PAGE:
� Saturation pressure Psat: The pressure at which a pure

substance changes phase at a given temperature.

� Vapor pressure (Pv): The pressure exerted by its vapor in

phase equilibrium with its liquid at a given temperature. It is

identical tothe saturation pressure P of the liquid (P = P ). identical tothe saturation pressure Psatof the liquid (Pv = Psat).

� Partial pressure: The pressure of a gas or vapor in a mixture

with other gases. For example, atmospheric air is a mixture of

dry air and water vapor, and atmospheric pressure is the sum of

the partial pressure of dry air and the partial pressure of water

vapor.

• �Evaporation occurs in a fluid when liquid molecules at

the surface have sufficient momentum to overcome the

intermolecular cohesive forces and escape to the

atmosphere.

�Boiling occurs when the absolute pressure in the fluid

reaches the vapor pressure. Boiling of water occurs at reaches the vapor pressure. Boiling of water occurs at

approximately 100 °C, but it is not only a function of temperature, but also of pressure. For example, in Dead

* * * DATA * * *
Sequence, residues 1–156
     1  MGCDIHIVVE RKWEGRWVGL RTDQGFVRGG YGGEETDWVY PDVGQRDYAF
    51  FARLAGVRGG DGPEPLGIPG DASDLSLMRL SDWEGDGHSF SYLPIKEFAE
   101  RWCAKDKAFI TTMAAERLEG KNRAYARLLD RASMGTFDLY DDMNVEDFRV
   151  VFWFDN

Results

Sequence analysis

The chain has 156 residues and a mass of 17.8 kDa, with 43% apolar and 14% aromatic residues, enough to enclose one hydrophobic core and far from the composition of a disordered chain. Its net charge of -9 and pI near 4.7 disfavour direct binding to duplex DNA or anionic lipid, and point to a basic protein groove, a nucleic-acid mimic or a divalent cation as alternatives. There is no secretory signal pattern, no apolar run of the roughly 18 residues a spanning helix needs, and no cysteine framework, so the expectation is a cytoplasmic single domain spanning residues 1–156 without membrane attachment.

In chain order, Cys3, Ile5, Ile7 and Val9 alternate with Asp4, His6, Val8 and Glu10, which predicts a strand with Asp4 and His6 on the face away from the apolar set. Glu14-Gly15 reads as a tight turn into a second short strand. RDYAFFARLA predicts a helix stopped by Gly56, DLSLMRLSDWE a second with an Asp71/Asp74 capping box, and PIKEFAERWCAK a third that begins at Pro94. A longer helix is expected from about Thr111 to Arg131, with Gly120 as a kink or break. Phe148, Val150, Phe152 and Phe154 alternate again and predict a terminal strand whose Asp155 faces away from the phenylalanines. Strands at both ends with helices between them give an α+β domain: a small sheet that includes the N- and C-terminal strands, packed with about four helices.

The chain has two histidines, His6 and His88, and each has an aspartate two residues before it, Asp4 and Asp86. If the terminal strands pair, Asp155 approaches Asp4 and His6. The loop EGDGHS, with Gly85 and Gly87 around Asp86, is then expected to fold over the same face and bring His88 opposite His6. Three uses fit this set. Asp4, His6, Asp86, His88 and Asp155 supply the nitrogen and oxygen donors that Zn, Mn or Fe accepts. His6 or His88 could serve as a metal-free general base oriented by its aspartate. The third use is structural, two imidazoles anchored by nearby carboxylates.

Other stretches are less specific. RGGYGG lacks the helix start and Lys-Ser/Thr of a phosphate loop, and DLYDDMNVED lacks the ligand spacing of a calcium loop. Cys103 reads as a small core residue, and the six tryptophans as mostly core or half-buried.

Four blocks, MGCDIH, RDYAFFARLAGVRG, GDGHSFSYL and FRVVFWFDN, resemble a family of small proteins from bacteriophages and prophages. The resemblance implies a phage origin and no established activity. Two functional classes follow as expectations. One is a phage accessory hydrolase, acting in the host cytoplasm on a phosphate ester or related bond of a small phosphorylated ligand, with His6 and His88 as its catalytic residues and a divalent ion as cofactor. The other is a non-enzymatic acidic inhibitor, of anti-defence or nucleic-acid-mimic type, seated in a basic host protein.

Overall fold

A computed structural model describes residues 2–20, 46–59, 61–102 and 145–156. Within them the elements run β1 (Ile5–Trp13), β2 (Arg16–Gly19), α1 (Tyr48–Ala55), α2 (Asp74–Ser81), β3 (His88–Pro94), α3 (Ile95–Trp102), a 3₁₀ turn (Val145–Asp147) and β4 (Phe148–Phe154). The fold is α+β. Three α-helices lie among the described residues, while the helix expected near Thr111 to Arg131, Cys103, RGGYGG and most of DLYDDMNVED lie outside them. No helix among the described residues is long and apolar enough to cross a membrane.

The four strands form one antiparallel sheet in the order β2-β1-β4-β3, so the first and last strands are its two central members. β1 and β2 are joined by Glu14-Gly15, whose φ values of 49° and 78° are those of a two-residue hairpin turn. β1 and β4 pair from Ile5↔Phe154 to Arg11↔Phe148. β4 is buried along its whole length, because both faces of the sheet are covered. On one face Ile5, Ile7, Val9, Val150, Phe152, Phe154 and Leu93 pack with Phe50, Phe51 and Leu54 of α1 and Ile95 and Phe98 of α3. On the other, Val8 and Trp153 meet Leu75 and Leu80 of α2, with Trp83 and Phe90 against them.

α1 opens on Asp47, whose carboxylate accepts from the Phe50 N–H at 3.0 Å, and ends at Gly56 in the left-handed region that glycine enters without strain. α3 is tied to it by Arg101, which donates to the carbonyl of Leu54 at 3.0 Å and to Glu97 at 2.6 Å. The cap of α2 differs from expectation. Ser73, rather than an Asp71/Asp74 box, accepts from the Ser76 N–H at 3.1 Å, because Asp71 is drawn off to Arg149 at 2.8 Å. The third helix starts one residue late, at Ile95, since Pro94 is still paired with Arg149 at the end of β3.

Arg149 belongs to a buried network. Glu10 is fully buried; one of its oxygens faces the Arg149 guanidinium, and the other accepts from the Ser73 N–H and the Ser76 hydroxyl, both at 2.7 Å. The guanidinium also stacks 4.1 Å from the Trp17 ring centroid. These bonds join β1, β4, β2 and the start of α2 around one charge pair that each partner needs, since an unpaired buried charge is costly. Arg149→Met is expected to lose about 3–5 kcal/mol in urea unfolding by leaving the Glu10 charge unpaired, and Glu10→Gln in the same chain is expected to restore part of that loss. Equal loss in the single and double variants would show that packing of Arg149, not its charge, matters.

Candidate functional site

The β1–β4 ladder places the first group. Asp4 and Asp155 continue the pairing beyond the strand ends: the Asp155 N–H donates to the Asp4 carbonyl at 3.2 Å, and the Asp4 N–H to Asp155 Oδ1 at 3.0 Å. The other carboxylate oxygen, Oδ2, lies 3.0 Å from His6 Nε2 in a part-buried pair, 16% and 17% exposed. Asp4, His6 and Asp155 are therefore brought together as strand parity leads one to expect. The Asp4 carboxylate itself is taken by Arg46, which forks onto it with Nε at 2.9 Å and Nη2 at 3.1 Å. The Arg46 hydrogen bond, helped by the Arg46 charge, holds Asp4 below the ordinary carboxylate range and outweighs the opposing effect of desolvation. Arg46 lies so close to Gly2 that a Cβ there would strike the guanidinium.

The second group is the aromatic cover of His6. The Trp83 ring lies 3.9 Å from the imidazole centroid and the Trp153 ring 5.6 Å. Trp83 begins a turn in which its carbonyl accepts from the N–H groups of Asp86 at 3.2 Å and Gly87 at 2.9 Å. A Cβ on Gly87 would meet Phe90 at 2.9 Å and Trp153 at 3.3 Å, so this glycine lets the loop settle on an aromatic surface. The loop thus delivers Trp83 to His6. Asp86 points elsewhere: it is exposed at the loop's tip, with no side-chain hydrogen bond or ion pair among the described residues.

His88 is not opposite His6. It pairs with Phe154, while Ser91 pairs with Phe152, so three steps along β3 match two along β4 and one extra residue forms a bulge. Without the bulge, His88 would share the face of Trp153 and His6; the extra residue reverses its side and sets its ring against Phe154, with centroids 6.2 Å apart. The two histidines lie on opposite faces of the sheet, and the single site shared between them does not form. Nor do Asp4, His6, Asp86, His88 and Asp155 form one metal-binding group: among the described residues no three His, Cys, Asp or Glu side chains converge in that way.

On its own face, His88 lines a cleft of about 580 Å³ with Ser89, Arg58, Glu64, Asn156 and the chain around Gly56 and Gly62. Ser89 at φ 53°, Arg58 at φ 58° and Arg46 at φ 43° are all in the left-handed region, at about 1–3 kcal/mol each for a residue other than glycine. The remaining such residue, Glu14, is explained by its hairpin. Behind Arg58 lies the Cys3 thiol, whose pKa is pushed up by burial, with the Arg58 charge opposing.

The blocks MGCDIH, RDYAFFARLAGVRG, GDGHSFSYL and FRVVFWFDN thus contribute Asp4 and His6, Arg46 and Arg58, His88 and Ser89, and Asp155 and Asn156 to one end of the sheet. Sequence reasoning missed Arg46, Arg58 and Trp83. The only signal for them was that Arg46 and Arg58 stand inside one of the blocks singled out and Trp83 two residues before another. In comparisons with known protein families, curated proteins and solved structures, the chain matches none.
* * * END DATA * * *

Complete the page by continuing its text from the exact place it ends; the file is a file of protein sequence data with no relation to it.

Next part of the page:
Sea area, water boils at temperatures more than 100 °C.

• �When a fluid moves relative to a solid or when

two fluids move relative to each other, a friction

force develops at the contact surface in the

direction opposite to motion.

Viscosity

�The magnitude of the force needed to move one

object relative to another depends on the friction

coefficient between them.

• Viscosity But, is it really a Friction Force?

�Viscosity is a property that represents the internal resistance of a fluid to motion.

�The force a flowing fluid exerts on a body in the flow direction is called thedrag force, and the magnitude of this force depends, in part, on viscosity.

• � The viscosity is measure of the fluidity of the fluid

which is not captured simply by density or specific

weight.

� A fluid can not resist a shear and under shear begins to

flow.

This geometry models

F � Between foot and the wet floor in bathroom

� Lubricant-filled space

between a piston and

cylinder wall in an engine,

in a journal bearing

This geometry models

• Viscosity and Shearing Stress: Classical ViewFluid element under a shear force

� The shearing force F acts on the area on the top of the element

� If the particle at point E moves under the shear stress to point E’

and it takes time t to get there, it has moved the distance x.

For small deformations

• Experimentally,

change in velocity with y, or the velocity gradient

γ

In the differential form

As t approach 0.0

� The constant of proportionality dynamic viscosity

Fluids for which the rate of deformation is proportional to the shear stress

• �Fluids obeying this relation are called Newtonianfluids.